“Any man can teach, but David’s are the gifts of God.”
Ocassionally I like to go back into the cinematic archives and pull out an oldie but goodie. Although I have this film in my private collection; it just happened to come up on Amazon Prime. Needless to say, I am a fan of both Richard Gere and Alice Krige because of their phenomenal acting careers. So I watched King David, again, as I have so many times before.
A cinematic retelling of the life of Israel’s King David; Bruce Beresford directed an engaging take on this biblical story as found in 1 & 2 Samuel and 1 Kings. From the start, it plunges the viewer into a different and bloodthirsty world as Denis Quilley‘s Samuel beheads Agag the defeated King of the Amalekites. This uncompromising view of the prophets, continued in Niall Buggy‘s Nathan—which is in stark contrast to a troubled and questioning David, portrayed by Richard Gere.
Edward Woodward‘s depiction of Saul and the gradual disintegration of his spirit and mind is near perfect, pulling in the story of Jacob’s all night struggle with the angel of God from Genesis. The song young David (Ian Sears) sings to Saul; Psalm 23 is beautiful. Saul’s offering himself as God’s sacrifice at Mount Gilboa is a wonderfully emotive scene. The other two spectacular scenes are the duel between David and Goliath, and the announcement of Saul’s death to David. The cameo of the escaping Philistine king is worth replaying in the first, and the second is a marvellous bit of intercutting between David watching the runner and the deaths of Jonathan and Saul. Michal’s (Cherie Lunghi) mocking of David dancing naked in front of the ark captures the biblical condescending remark of Saul’s daughter. The story of David’s rule could’ve been more in depth, though there are the biblical echoes of Absalom (Jean-Marc Barr) in revolt behaving exactly as David did to Saul. The end is rather mawkish, with the conniving of Bathsheba (Alice Krige) to put Solomon (Jason Carter) on the throne. Richard Gere does a surprisingly good job of playing David, but Edward Woodward steals the show as King Saul in all of his manic and disturbed glory.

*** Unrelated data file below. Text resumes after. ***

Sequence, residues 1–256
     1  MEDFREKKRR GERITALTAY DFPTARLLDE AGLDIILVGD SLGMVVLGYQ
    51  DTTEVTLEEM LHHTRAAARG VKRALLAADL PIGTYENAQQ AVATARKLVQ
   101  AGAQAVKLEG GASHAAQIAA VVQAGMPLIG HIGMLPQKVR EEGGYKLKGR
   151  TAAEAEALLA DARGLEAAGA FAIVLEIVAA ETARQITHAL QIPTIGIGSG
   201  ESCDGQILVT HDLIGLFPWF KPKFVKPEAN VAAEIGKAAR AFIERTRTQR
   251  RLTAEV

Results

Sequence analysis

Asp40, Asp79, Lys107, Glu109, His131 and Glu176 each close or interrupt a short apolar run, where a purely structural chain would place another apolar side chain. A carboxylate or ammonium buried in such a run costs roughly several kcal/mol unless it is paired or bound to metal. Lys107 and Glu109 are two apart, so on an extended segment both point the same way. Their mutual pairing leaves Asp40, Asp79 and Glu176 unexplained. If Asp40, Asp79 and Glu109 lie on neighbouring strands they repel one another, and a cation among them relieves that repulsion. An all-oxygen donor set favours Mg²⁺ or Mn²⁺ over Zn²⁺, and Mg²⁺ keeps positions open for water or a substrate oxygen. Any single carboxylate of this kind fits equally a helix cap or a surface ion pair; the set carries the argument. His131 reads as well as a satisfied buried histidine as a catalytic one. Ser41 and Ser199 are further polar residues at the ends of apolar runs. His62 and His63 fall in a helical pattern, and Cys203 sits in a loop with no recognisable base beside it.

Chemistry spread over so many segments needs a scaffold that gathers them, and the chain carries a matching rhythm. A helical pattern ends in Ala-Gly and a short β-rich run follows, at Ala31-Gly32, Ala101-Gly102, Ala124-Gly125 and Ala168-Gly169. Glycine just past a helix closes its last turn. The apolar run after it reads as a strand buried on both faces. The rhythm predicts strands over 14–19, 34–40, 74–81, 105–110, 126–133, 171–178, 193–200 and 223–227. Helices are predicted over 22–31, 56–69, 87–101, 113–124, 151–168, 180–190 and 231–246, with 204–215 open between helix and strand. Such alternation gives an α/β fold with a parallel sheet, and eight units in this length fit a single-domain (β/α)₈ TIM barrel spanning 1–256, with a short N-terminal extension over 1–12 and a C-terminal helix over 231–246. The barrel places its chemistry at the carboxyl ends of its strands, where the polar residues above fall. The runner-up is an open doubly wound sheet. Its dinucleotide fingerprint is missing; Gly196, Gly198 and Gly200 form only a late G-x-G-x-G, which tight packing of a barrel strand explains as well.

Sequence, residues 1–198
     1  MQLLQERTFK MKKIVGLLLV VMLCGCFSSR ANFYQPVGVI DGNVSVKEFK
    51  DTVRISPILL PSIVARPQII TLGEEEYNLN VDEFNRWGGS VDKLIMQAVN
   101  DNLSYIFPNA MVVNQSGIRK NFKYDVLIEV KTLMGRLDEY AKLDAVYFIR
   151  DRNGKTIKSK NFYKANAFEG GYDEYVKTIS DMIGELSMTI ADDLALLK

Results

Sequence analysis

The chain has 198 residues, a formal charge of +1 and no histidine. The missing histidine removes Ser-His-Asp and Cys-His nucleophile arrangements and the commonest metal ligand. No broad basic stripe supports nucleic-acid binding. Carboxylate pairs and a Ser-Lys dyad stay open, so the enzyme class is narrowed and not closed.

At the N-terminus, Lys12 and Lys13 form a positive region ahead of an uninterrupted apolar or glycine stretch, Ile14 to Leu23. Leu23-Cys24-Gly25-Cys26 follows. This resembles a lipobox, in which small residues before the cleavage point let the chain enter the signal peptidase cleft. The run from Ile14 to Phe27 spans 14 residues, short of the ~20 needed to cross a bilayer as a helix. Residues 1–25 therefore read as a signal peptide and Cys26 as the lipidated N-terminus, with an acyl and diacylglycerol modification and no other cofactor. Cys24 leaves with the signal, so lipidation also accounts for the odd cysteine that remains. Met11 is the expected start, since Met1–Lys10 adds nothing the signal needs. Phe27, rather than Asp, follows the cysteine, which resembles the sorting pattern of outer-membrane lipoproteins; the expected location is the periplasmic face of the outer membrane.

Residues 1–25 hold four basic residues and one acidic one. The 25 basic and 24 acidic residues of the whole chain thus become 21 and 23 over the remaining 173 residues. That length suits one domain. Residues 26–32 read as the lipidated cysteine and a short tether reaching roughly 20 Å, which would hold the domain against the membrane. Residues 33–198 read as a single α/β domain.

King David was originally released in 1985, is 113 min, and rated PG-13. Can be seen on Amazon Prime, YouTube and the dvd can also be purchased at many online outlets.
When King David was released, the reviews were not very complimentary. However, as my readers all know, I sometimes disagree with reviewers. And this is one of those times. Therefore, we give KIng David
Many artistic liberties were taken with this film, but overall it is a good retelling of the story of David. The sets and costumes are period appropriate and well done as is the score. Don’t expect any type of DeMille style grandeur to be found here. Overall I would say this is a solid adaptation worth watching. However, would caution parents to note there is some nudity in this film.
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